It’s confession time for CanaryTheFirst: series intimidate me. Trilogies, no problem. Anything longer, and I start getting nervous. Why?
Because I know that the moment I latch on to the first of whatever-have-you, I will be reading the entire series, first to twenty-first. Somehow, I will find the sequel as an audiobook on my mp3 player. The third of the series will clamber up from the shelf and into my bag. The fourth and fifth will end up on my desk at home. And the sixth–well, what’s the harm? Seven and eight follow on its heels.
So when I reluctantly picked up the first Mercy Thompson book (werewolves, urban fantasy, spunky female lead, yes please), I had already made a list of friends to call for an intervention. And when I realized Moon Called was not-bad-at-all, it just fed into my obsessive reading tendencies.
Exactly one month after I posted my first review of Moon Called, I’m back with more.
In the last 29 days, I’ve read the entire Mercy Thompson series (Moon Called, Blood Bound, Iron Kissed, Bone Crossed, Silver Borne, River Marked), swallowed the Alpha & Omega series (On the Prowl, Cry Wolf, Hunting Ground), gnawed through the Raven series opening (Raven’s Shadow), and finished the first Hurog book (Dragon Bones). I even picked up Patricia Briggs’ 1993 debut novel (Masques) before my library hold on River Marked came through and derailed that effort. I’m still waiting on a couple more books, but it’s probably time for a review–or ten.
I’ll start with the two classic-style fantasies, Dragon Bones and Raven’s Shadow:
Dragon Bones (2002) opens with a plot concept that startled me with its familiarity. Ward is the oldest son of the Lord of Hurog, forced to pretend to be the family idiot to weather his father’s abuse and paranoia. (A decision very similar to that of Ilya, from Mercedes Lackey’s 1997 retelling of the Russian fairy-tale in Firebird.) But here, the story catches its stride and the sense of familiarity fades.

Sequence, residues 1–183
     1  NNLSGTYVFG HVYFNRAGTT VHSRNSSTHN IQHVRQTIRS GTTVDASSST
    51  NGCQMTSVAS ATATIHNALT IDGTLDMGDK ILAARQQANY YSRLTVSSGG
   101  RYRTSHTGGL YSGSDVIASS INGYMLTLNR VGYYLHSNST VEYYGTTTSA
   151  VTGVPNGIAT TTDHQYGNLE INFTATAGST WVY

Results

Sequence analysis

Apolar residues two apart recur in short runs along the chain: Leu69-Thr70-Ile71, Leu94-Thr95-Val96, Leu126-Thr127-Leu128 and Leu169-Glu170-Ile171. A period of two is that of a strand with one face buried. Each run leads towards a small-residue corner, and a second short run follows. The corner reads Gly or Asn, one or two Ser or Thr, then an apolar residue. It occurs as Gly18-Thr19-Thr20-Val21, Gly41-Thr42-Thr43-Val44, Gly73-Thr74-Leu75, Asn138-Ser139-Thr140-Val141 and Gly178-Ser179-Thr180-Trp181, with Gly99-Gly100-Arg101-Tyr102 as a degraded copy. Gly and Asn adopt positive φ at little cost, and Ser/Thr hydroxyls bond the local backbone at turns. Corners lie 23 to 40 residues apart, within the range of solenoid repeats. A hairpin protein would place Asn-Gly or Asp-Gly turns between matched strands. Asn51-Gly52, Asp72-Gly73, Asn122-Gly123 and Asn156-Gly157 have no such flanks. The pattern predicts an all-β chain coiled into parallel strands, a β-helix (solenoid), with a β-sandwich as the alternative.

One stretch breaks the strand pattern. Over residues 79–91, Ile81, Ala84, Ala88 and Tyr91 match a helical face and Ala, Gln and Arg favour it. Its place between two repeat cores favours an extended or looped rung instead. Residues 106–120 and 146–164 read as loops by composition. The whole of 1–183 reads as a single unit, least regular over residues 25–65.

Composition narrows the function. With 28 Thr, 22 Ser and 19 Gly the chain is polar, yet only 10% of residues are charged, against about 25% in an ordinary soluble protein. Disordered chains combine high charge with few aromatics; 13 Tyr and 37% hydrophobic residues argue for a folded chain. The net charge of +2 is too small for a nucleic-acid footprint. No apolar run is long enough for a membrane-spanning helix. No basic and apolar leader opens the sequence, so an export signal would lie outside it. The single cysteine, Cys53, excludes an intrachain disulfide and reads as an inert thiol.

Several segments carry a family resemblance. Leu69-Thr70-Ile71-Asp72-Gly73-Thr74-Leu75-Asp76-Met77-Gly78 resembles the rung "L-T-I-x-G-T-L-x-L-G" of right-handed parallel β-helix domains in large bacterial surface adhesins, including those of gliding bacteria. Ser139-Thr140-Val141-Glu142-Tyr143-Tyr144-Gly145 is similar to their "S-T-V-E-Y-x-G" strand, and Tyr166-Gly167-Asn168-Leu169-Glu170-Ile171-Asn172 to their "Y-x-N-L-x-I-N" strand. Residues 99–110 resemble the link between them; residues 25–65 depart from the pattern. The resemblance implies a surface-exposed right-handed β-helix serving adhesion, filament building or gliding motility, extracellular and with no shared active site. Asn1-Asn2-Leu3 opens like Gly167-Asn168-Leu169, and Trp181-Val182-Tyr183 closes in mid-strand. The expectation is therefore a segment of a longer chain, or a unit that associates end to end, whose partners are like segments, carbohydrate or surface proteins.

When Ward’s father dies, the young man inherits the castle, the cursed and dying fields outside, a mysterious ghost only he can see, and the tenuous right to rule. But as far as anyone knows, Ward’s an addled fool and the secret in the caves beneath Hurog Keep is worth killing for.
Written in third person, the story follows Ward and a select few other characters through exile, war, court intrigues, and betrayals. Joe Manganiello’s reading of the audiobook version brought out the book’s humor and wit, and the solid pacing had me listening enthusiastically right up to the very unexpected conclusion.
Raven’s Shadow (2004) takes a very different, epic approach to fantasy, following characters over the course of years. Seraph is a Raven mage, one of the few who are born to fight against the dark remnants of an apocalypse long ago. Instead, she falls in love with Tier, a soldier, and settles down–something unheard of among her (“Traveler”) kin. But when, years later, Tier is killed, Seraph is forced to face what she is to protect her children.
Though Raven’s Shadow is also told in third person, the narrative keeps an aloof distance more befitting the epic scope it tries to encompass. That lead to the major difficulty I had with the piece. The entire first half of the novel plodded. If not for late night inertia and a general reluctance to waste the wee hours of the morning on sleep, I might have stopped reading. Somewhere around that halfway mark, though, the story picks up, promising all sorts of good things for the sequel.
Conclusion: If you’re looking for a character-driven fantasy with an element of who’s-pulling-strings (the fantasy equivalent of a whodunnit), I wholeheartedly recommend Dragon Bones (five fluffy canaries, right there). If you enjoy paced epic fantasy where the characters are already comfortable in their skin and are forced to take up arms once again against evil (no rest for the virtuous), bet on Raven’s Shadow (three and a half canaries there: one canary spooked at the beginning; opaque characterization lopped off half-a-canary later).